Do Universals Have a Reference? on the Critical Theory of Herbert Marcuse

By Sharpe, Matthew | Philosophy Today, Summer 2002 | Go to article overview
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Do Universals Have a Reference? on the Critical Theory of Herbert Marcuse

Sharpe, Matthew, Philosophy Today

"A great truth wants to be criticized, not idolized."


"Do Universals have any reference?" "If so, what is it that they refer to?" These are philosophical questions. It could be argued that they are the philosophical questions. A particular, and admittedly strong, reading of the philosophical tradition, could suggest that there have been two major generative moments of its history. These were the Socratic-Platonic birth of philosophy, and secondly, German idealism, born from Kant's critical philosophy. But both these moments were intimately tied to the question of the possibility and nature of universals. Socrates' whole project turned around how, when one asks, "what is x?" (e.g.: courage, temperance, virtue, etc.), it is unsatisfactory as an answer to list particular examples of x-- ness. He set his method and meaning up in avowed opposition to the sophists, who defended different variants of what we would now call moral and epistemic relativism. Likewise, Kant was awoken from his dogmatic slumbers by Humean skepticism concerning the possibility of universals. Through his critical project, Kant defends the wonder of the starry skies above, and the moral law within, and both of these on grounds of a philosophical reclaiming of a universal dimension to human knowing and doing. Against Hume, Kant suggests that we could not have the awareness of the natural world that we do, were we not always already in possession of categories whose scope is universal and a priori, and that condition the possibility equally of the natural world and our knowledge of it. In the practical philosophy, an irremovable part of what we mean when we speak of morality, Kant argued, is that its dictums have a universal validity, vouched for by reason alone.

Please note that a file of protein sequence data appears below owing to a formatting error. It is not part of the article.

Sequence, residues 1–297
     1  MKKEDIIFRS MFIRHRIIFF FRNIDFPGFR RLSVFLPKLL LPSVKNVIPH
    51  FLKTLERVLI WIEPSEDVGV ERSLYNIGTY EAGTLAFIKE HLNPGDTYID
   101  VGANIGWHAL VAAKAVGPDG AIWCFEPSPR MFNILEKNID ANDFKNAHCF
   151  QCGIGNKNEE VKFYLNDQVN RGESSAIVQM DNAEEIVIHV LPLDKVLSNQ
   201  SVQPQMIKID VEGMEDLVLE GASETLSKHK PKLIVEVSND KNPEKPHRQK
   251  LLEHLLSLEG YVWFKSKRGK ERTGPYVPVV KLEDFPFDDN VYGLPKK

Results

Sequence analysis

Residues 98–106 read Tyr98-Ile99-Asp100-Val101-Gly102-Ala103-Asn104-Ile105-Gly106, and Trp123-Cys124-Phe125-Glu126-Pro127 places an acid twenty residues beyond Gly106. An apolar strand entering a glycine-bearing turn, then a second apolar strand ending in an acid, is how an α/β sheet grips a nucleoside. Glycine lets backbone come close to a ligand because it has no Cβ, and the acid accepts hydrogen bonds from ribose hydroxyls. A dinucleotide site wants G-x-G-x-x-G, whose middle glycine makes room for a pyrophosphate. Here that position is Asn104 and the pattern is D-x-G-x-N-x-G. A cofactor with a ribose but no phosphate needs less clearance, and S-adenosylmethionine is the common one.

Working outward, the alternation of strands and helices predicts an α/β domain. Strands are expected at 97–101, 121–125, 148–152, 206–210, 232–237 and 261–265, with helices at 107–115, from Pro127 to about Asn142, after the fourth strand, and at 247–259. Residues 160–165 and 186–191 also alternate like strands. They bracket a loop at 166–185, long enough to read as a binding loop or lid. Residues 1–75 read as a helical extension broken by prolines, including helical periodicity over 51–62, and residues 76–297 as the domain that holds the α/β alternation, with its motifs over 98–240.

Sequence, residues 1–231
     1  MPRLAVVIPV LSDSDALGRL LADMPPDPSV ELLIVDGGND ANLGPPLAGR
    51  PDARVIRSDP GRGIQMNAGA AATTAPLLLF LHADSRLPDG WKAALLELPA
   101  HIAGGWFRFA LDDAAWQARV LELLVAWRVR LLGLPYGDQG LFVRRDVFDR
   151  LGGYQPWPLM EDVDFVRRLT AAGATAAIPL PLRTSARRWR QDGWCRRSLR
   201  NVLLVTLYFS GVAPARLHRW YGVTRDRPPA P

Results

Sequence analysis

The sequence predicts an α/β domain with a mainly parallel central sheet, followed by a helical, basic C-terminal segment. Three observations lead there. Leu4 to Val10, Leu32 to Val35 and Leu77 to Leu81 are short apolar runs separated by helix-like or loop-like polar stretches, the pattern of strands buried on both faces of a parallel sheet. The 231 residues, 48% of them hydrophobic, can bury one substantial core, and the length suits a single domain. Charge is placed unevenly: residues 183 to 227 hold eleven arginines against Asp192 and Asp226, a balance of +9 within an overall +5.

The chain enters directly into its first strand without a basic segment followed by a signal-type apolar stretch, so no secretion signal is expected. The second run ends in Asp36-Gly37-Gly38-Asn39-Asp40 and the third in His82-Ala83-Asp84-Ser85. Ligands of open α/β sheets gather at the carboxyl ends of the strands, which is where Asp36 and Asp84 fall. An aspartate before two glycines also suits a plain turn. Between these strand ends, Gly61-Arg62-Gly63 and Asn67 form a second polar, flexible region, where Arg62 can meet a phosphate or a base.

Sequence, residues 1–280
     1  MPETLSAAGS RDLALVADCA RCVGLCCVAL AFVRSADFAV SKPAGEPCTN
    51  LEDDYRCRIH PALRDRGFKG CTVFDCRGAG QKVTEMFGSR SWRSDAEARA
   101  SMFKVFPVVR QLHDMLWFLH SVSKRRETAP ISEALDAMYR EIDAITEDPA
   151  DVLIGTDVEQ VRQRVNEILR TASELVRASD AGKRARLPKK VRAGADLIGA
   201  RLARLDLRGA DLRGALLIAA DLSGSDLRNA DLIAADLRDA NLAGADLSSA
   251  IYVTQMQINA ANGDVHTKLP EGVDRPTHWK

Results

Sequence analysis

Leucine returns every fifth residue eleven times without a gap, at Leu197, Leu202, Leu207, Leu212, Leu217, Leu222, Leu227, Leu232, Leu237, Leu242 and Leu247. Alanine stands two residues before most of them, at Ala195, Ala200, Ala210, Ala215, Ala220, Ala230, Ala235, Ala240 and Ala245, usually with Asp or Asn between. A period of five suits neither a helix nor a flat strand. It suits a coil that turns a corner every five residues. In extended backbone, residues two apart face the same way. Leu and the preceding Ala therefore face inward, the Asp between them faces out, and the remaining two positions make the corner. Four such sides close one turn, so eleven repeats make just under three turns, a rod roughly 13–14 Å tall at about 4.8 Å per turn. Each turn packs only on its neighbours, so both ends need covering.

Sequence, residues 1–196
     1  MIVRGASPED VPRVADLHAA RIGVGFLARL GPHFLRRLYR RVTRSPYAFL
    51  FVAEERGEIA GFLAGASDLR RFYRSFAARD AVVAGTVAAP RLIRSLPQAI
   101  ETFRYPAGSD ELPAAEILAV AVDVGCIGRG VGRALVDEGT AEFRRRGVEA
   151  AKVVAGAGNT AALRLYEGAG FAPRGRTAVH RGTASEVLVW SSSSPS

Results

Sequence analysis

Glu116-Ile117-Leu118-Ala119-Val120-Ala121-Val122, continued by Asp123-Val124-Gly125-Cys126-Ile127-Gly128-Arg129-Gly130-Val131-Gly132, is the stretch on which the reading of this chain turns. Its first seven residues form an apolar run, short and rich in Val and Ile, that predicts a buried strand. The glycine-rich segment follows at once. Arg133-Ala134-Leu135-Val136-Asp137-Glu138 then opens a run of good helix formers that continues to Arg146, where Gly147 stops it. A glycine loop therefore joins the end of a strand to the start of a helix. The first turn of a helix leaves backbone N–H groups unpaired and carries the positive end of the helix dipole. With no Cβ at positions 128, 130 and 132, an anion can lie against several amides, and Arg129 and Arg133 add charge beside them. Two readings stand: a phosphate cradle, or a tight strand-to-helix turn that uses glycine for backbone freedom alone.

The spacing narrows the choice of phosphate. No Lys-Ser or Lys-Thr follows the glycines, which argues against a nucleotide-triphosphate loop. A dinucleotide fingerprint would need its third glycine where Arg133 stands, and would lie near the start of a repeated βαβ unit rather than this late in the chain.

This essay means to broach the question: are there universals?-or, given the difficulty of opening one's mouth without invoking universal predicates and names, to what might these contentious terms refer? Are especially sortals (identifying names of types) and especially the more grandiose universals (such as "mind," "person," "nation," or "people") perhaps only the misleading semblances of names? Can their "reference," such that it is, not be broken down, without remainder, into particular simples, so they could be properly discarded by a rigorous philosophical language? Or is there something to them, some referent, perhaps? Can we not hear in them, properly, some surplus of meaning over the given particulars they name, that is irreducible?

Two things about the birth of philosophy in Plato, and its modern apotheosis in German idealism, are relevant for this essay. I want and need to stress these, before turning to the exposition.

The first is that, in both classical Greek philosophy, and German idealism, the question concerning the possibility and nature of referents for universals resounds in two registers. The first is a veridical, or ontological register. When one asks "what is the referent of the universals?" one wants to know about the way the world is, and/or how we can know about "what there is." In Plato, the answer one gets is that a universal is an eidos, or form. Aristotle shares Plato's ontological realism, while being skeptical of its metaphysical, Pythagorean figuring in a story about birth and rebirth, and some wholly extrasensible realm. Universals have reference to traits and even identifying essences, but these inhere in the things themselves. But my point is that this is not the only way that one asks the question. The second register of the question "could there perhaps be some universal referents?" in both Kant and classical philosophy, was a moral one. Socrates was primarily concerned with the "human things," and asked repeatedly about the nature of the virtues. In Plato, if the forms provide the ontological answer to the question of universals, the form of the Good was in some way for him the highest form (cf. The Republic, 509b).

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Do Universals Have a Reference? on the Critical Theory of Herbert Marcuse


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